Welcome to your daily tranquiliser of news

I have grown infuriated again with the news wire service that is the main source of news for my job as news editor with Techworld.com. A huge amount of the information on it is simply unusable, but I still have to read it all to make sure there isn’t a gem in there.

Just a second ago I realised something that was fundamental to its problem, and to much of the modern news media, so I have decided to share it with whoever wants to read this ludicrously self-regarding blog.

I have chosen to call it OSB news, standing for “one step behind”.

I have some example headlines from the news service from today:

* HP extends deadline for Mercury acquisition
* Sony will launch HD laptop with Blu-ray
* Nissan to target road safety with ITS trial

You will note that HP has not actually acquired Mercury; nor has Sony brought out a laptop; and Nissan hasn’t actually “targeted” road safety, it only has a trial with which it may or may not target road safety in the future.

All these are one step behind a real news story. It is all nearly-news. And a tremendous amount of time and effort is expended in finding out about this OSB news, writing it up, editing it, and posting it in order to tell everyone – or, more accurately, no-one – about it. Time that should be spent finding real news.

Clients, clients, clients

And the reason? Press Relations. If there is an actual product, actual news, it usually directly reflects on the company or organisation. As a result, a PR company is at far greater risk of conflicting with their clients’ needs. The client will want to control more how an actual real event is portrayed by their PR team and so will fiddle more, and so the end result will be infinitely duller – classic decision-making by committee mundanity.

PR companies’ effectiveness is often measured by the column inches of coverage they achieve – something that sometimes leads to the perverse situation that a negative review in a publication that their client will never read is just as good as a good review – it’s all inches and you don’t have to show your client the bad stuff.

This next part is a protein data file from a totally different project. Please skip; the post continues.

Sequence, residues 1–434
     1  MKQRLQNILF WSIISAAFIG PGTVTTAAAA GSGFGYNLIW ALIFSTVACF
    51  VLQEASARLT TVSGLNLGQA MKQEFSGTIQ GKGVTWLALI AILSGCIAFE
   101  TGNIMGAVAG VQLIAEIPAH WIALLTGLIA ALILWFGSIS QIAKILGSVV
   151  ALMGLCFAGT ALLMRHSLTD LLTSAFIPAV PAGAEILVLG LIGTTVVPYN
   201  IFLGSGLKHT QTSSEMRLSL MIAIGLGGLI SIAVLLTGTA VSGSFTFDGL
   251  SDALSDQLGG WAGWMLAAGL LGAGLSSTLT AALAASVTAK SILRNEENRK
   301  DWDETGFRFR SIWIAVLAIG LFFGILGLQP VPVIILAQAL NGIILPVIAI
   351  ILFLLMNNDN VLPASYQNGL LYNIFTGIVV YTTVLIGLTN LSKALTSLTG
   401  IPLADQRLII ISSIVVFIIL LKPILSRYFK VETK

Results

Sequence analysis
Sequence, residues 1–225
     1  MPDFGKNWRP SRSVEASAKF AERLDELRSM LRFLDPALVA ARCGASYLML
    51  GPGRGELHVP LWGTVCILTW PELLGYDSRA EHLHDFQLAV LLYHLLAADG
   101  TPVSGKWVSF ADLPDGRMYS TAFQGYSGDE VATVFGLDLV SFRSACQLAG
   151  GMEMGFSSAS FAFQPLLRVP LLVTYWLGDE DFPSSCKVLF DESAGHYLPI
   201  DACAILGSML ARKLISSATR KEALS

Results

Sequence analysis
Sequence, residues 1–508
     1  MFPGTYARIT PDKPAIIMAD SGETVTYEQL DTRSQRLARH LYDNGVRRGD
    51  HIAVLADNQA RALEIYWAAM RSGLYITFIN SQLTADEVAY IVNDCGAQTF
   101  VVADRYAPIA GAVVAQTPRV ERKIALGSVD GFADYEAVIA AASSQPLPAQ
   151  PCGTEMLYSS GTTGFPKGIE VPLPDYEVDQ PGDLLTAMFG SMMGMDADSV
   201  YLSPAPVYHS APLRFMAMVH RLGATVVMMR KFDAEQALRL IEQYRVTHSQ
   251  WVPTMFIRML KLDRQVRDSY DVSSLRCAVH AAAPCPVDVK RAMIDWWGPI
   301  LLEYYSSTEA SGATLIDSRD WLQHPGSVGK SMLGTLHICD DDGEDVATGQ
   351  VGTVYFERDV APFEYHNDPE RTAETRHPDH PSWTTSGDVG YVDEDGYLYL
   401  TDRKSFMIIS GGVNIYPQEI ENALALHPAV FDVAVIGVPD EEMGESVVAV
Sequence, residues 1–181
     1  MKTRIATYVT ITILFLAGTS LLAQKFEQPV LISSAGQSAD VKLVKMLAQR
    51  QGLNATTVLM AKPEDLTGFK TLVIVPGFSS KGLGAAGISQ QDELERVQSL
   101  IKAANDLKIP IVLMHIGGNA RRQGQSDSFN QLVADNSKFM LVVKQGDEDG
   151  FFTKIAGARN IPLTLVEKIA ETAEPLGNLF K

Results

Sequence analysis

And so in this search for column inches, PRs push OSB news. News that is harmless. And because of the massive power possessed by PR companies these days and the abject laziness of journalists, combined with the constrained resources of editorial teams, these worthless scraps of nearly-news are reported, leaving everyone happy because no trouble comes of it. A perfect Lotus Eater scenario for the modern media world.

And the readers?

The only people being shortchanged are the readers. But then the readers are only secondary to the advertisers anyway. The only actual use in readers is because advertisers insist, for some ungodly reason, on knowing how many there are of them before they hand over their money.

When will the pendulum swing back the other way and money be put into news, to attract readers that want to know real information, to attract advertisers that want to put their products in front of so many readers?

I say this in the full knowledge that Techworld has today been shortlisted for the AOP Online Publishers Awards for Best Editorial Team 2006. I like to think that at least part of the reason Techworld has been named is because none of the stories above have ever, or will ever, appear on the site while I’m news ed.

6 Responses to “Welcome to your daily tranquiliser of news”


  • Allow me to make some ludicrously self-regarding counterpoints.

    Surely these would be One Step Ahead stories.

    I would say there’s substantial informational value in some of these stories.

    If you’re a consumer electronics buyer you may make a future purchasing decision based in part on which laptop or DVD vendors plan to bring out which products, rather than buying something today that may be obsolete in a few months.

    If you’re a Nissan competitor, there’s value in knowing what the opposition is up to, so you can plan accordingly.

    You could make a case that lazy reporters waste too much time writing up PR-announced stories, or that they don’t dig deep enough into them, but I think that’s a different debate.

  • Okay, this is it, now I *really* now you’re winding me up.

    Kieren

  • Or “know”, even.

  • They seem like perfectly legit stories to me. Not hugely interesting, but still… Better than silly surveys

  • You’ve got to be kidding me. This isn’t news. One of the best of many definitions of news is: “Something you want to tell someone else.”

    In this strange new bubble Internet world, the media appears to be confusing information for news. And boring the hell out of everyone as it does so. Lotus Eaters, I tell you.

    Kieren

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